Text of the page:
This evening we are looking at the direction that the Bridge is heading in. We’ll be looking at an image of an eagle soaring in the sky and wondering about what that might mean for each one of us.
OUTLINE OF VISION FOR THE FUTURE
Where are we now?
0.5 equivalent paid leader (Tim)
0.5 equivalent paid youthworker (Joy on maternity leave)
0.5 equivalent paid associate leader (David)
6 hours of admin support each week
A committed team of over 30 people who help run the Bridge
Where are we aiming for?
A committed team of 40+ people
Raise Bridge giving from £10 500 to £26 000 per year over the next 4 years
One further fresh expression of church (40)
Youth discipleship programme (20-25)
Deeper discipleship (small groups)
More disciples (8-10 per year)
Growing the Bridge community to 150-200 people
Outline of vision
This all seems a long way off still and begs the question – how do we start?
After discussion, prayer and reflection Tim along with David, Joy and the Core Team think that the image of the eagle soaring in the sky, its two wings outstretched, balanced and graceful is the picture that God has given us as a community.
The two wings for our community at the moment are discipleship and outreach. Both have to be in balance and active. But what does this mean?
Well, within our community we are all on a journey exploring what God means to us and what God sees in us. Discipleship means that as a community we need to care for and nurture each other as we journey together. Exploring prayer, bible reading, healing, meditation, acts of service and so on are all aspects of us journeying together.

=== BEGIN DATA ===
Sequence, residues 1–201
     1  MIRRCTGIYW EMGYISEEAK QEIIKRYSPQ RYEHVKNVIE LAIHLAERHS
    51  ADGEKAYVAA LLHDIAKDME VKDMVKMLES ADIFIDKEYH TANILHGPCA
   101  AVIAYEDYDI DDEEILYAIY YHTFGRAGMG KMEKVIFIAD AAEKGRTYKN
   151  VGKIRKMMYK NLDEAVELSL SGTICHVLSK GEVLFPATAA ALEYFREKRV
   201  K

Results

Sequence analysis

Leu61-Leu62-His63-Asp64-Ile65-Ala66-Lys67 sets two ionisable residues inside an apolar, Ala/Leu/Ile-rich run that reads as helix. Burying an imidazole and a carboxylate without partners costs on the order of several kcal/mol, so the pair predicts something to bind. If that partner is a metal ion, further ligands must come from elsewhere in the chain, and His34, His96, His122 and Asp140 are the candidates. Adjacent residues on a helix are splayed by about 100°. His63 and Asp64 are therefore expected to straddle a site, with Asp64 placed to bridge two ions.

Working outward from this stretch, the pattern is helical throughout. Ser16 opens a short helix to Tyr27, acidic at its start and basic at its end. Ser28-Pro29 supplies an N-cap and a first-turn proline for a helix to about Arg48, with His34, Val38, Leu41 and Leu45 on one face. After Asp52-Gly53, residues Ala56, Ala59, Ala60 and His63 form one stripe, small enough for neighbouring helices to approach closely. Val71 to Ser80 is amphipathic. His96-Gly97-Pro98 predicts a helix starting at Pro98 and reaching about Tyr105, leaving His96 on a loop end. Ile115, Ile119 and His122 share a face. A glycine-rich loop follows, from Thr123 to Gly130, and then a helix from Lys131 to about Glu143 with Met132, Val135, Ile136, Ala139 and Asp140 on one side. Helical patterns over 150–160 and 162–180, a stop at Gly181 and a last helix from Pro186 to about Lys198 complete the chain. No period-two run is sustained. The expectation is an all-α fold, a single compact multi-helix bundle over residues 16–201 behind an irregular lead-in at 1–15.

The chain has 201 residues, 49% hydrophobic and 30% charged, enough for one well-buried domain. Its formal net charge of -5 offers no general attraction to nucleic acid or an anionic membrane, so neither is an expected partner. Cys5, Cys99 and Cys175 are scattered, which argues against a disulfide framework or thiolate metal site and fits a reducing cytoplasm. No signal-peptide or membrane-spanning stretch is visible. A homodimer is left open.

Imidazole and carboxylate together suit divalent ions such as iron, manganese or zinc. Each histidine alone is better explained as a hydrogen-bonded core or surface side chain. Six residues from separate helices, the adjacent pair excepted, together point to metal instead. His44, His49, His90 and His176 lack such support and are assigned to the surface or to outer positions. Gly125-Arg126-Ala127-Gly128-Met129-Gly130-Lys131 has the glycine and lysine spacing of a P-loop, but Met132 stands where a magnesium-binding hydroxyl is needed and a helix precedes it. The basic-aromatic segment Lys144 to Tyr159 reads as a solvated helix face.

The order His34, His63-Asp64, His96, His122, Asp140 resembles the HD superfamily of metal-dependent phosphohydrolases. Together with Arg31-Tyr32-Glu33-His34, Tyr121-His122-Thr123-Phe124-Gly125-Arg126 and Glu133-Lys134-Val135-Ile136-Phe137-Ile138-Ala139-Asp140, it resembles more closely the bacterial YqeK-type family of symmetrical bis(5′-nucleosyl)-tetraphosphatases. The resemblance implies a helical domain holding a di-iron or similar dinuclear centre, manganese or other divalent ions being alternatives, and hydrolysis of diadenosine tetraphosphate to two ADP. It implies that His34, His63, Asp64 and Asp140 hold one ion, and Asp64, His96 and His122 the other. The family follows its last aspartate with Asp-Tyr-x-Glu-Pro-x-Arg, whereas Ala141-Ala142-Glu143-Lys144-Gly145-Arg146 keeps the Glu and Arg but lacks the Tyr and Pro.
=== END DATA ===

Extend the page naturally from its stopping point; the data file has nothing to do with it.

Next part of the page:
At the same time we must not lose sight of the fact that the reason this community exists is to provide a welcome and a home for those who would not normally go to church or would not expect to find answers to their questions there. Sometimes these people are called the unchurched. We must always challenge ourselves with the question – would this make it harder for someone to hear what God may be saying to them?
But it is not about choosing one over the other, indeed that I think has been the mistake too often within the wider Church and for individual Christians. The eagle will not fly if it does not beat with both of its wings. A bird with one wing stronger than the other will fly in circles or plummet to the ground. Our two wings as a Brdieg community must be to reach out to unchurched people at the same time as offering opportunities for a deeper discipleship for each existing member of this community. We don’t need to be sorted in our own lives before we can reach out to those around us who struggle to hear and see God at work in their lives, otherwise we would never start! And its OK for us to admit that at times we find it hard to hear and see God at work.
The picture of the eagle is used to good effect in Isaiah 40 where Isaiah writes that “those who wait upon God get fresh strength. They spread their wings and soar like eagles. They run and don’t get tired, they walk and don’t lag behind.”
Over the next few weeks we will explore more of what Isaiah means in this chapter. The whole section of the Bible reading Isaiah 40: 27-31 reads as follows:
Why would you ever complain, O Jacob,
or, whine, Israel, saying,
“God has lost track of me. He doesn’t care what happens to me”?
Don’t you know anything? Haven’t you been listening? God doesn’t come and go. God lasts. He’s Creator of all you can see or imagine. He doesn’t get tired out, doesn’t pause to catch his breath. And he knows everything, inside and out.
He energizes those who get tired, gives fresh strength to dropouts. For even young people tire and drop out, young folk in their prime stumble and fall. But those who wait upon God get fresh strength. They spread their wings and soar like eagles, They run and don’t get tired, they walk and don’t lag behind.